"Just as the tasks of carrying out the orders of this Court and of handling an unruly mob are among the responsibilities of the Chief Marshal and the Deputy Attorney General, so is the choice of means for performing these tasks peculiarly within their discretion. The discretion to choose the modus operandi and to decide the time in which to put it into action was specifically delegated to McShane [chief of the executive officers of the United States marshals] and Katzenbach [deputy attorney general of the United States]."

The case of Smith v. United States (5 Cir.) 375 F.2d 243, involved the right to recover under the Federal Tort Claims Act for failure of the Government to protect plaintiff, who had served as a juror in a case involving civil rights, from picketing *209 which destroyed his business. In denying liability, the court said (375 F.2d 245):

"Each party recognizes, of course, that the major case interpreting the Act [the Federal Tort Claims Act] in this area is Dalehite v. U. S., 1953, 346 U.S. 15, 73 S. Ct. 956, 97 L. Ed. 1427. * * * * * * * * * "We therefore hold that § 2680(a) exempts the government from liability for exercising the discretion inherent in the prosecutorial function of the Attorney General, no matter whether these decisions are made during the investigation or prosecution of offenses. * * * Another holding could diffuse the government's control over policies committed to it by the Constitution, and irrationally concentrate political responsibility in fortuitous lawsuits. "Whatever else § 2680(a) may do, its discretionary function exception prevents this diffusion of governmental power into private hands. The United States is immune from liability in the present case not because of the mere fact that government officials made choices, but because the choices made affected the political (not merely the monetary) interests of the nation."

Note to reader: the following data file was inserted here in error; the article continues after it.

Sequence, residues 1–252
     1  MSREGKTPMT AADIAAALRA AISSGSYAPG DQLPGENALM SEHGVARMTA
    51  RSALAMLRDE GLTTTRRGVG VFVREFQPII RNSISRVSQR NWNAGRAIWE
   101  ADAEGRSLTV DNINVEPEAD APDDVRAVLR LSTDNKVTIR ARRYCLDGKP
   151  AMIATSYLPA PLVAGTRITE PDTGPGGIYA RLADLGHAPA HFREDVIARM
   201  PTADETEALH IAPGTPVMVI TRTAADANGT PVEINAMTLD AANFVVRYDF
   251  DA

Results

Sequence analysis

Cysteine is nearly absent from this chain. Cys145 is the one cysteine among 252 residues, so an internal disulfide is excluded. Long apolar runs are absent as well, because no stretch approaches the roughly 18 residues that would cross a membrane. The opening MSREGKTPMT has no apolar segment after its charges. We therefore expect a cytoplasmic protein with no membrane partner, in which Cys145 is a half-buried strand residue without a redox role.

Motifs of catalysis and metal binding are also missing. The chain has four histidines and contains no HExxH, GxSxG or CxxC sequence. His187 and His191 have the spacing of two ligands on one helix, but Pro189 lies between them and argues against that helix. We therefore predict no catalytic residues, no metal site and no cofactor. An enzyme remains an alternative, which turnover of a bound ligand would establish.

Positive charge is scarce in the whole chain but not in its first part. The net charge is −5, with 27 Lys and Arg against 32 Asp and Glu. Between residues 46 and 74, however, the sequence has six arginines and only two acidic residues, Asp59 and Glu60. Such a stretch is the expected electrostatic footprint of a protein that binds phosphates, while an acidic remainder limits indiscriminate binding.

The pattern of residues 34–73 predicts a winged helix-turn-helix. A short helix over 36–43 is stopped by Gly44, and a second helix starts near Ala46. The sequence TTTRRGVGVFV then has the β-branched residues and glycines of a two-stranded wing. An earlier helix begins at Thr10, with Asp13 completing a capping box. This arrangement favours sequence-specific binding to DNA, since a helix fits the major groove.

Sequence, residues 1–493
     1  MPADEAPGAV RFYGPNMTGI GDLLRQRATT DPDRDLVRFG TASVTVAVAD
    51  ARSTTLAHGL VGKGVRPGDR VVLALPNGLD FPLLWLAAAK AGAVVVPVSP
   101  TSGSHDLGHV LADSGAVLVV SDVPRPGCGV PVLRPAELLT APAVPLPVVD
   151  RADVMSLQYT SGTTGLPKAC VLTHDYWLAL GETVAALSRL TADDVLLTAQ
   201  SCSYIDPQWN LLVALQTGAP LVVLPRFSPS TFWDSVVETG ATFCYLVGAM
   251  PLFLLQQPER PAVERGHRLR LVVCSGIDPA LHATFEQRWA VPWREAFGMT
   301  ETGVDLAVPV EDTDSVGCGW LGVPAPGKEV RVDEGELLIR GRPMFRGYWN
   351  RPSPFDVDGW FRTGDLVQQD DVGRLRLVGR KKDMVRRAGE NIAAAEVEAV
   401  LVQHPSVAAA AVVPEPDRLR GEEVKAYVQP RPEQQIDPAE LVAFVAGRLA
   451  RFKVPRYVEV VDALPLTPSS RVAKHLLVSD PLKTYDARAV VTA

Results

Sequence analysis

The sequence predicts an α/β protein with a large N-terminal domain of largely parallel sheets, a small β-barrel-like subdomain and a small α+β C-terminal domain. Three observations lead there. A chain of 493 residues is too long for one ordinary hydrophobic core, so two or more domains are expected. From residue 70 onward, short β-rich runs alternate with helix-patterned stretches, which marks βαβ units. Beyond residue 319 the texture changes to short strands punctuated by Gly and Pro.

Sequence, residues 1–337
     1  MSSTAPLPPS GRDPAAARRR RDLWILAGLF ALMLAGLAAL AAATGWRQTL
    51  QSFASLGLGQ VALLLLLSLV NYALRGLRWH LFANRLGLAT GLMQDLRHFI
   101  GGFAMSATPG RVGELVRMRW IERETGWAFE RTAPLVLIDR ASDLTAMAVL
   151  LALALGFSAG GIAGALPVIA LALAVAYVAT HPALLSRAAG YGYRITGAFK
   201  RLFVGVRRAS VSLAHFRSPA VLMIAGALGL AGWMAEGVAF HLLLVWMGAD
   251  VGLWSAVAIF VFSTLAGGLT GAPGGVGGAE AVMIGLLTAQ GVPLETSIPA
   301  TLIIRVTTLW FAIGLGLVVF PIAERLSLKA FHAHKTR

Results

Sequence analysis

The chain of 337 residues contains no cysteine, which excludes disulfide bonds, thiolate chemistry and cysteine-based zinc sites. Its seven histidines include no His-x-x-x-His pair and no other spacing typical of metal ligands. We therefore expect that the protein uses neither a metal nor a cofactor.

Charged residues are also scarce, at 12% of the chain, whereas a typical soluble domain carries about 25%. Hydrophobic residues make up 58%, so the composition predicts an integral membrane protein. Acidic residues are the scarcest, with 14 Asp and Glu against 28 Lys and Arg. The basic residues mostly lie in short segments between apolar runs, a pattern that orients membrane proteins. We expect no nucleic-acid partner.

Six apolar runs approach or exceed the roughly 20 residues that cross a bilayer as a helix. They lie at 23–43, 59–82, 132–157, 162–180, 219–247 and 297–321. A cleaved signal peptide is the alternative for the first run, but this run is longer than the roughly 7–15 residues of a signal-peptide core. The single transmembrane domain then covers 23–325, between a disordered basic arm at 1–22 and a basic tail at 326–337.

We think it is enough to say that here, in the light of rumored impending riots, the city had the right to decide how most effectively to deploy its police and fire manpower so as to control such riots to the best of its ability if they did break out, and to furnish protection to as many citizens as its manpower would permit. Plaintiffs were not entitled to more protection than others. Choice of the use of police and fire manpower involves the use of discretion and falls squarely within the statutory exception from liability expressed in subd. 6 of § 466.03. To hold that those who have called the police, advising that there may be riots, can recover and those who have not called the police may not recover would establish an unconscionable rule. Either everyone who suffered damage by riot should recover or none should be permitted to do so. If it is to be the law that only those who call the police and ask for protection from impending riots are entitled to recover, it is almost certain that every property owner in areas where rioting is likely to occur in the future will call the police department and demand protection as a foundation for a future lawsuit to recover damages against the city if, perchance, their property is damaged or destroyed. To impose liability upon the city for all damage done by rioters would, we think, impose a burden it is incapable of carrying. In the case of Riss v. City of New York, 22 N.Y.2d 579, 581, 293 N.Y.S.2d 897, 898, 240 N.E.2d 860, the New York Court of Appeals in a situation involving a similar issue said: